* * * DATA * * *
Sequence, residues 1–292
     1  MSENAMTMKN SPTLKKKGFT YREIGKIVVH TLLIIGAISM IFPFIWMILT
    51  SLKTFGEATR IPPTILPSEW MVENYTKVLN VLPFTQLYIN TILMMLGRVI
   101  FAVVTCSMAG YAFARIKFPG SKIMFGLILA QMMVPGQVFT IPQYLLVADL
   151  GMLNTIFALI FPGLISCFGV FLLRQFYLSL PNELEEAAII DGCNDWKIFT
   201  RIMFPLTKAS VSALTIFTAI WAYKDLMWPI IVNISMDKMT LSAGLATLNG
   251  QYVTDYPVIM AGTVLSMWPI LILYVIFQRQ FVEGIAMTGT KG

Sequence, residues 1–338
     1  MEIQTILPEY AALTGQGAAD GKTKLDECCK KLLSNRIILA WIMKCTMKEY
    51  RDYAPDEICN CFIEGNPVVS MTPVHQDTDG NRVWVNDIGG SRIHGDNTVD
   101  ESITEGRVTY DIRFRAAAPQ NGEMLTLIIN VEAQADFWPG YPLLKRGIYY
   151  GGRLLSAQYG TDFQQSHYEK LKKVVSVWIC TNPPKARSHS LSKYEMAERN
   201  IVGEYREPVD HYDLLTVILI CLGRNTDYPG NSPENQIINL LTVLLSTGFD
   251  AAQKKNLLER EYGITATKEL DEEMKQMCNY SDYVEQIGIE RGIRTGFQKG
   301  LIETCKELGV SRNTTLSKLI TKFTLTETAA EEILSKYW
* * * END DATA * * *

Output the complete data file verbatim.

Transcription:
Sequence, residues 1–292
     1  MSENAMTMKN SPTLKKKGFT YREIGKIVVH TLLIIGAISM IFPFIWMILT
    51  SLKTFGEATR IPPTILPSEW MVENYTKVLN VLPFTQLYIN TILMMLGRVI
   101  FAVVTCSMAG YAFARIKFPG SKIMFGLILA QMMVPGQVFT IPQYLLVADL
   151  GMLNTIFALI FPGLISCFGV FLLRQFYLSL PNELEEAAII DGCNDWKIFT
   201  RIMFPLTKAS VSALTIFTAI WAYKDLMWPI IVNISMDKMT LSAGLATLNG
   251  QYVTDYPVIM AGTVLSMWPI LILYVIFQRQ FVEGIAMTGT KG

Sequence, residues 1–338
     1  MEIQTILPEY AALTGQGAAD GKTKLDECCK KLLSNRIILA WIMKCTMKEY
    51  RDYAPDEICN CFIEGNPVVS MTPVHQDTDG NRVWVNDIGG SRIHGDNTVD
   101  ESITEGRVTY DIRFRAAAPQ NGEMLTLIIN VEAQADFWPG YPLLKRGIYY
   151  GGRLLSAQYG TDFQQSHYEK LKKVVSVWIC TNPPKARSHS LSKYEMAERN
   201  IVGEYREPVD HYDLLTVILI CLGRNTDYPG NSPENQIINL LTVLLSTGFD
   251  AAQKKNLLER EYGITATKEL DEEMKQMCNY SDYVEQIGIE RGIRTGFQKG
   301  LIETCKELGV SRNTTLSKLI TKFTLTETAA EEILSKYW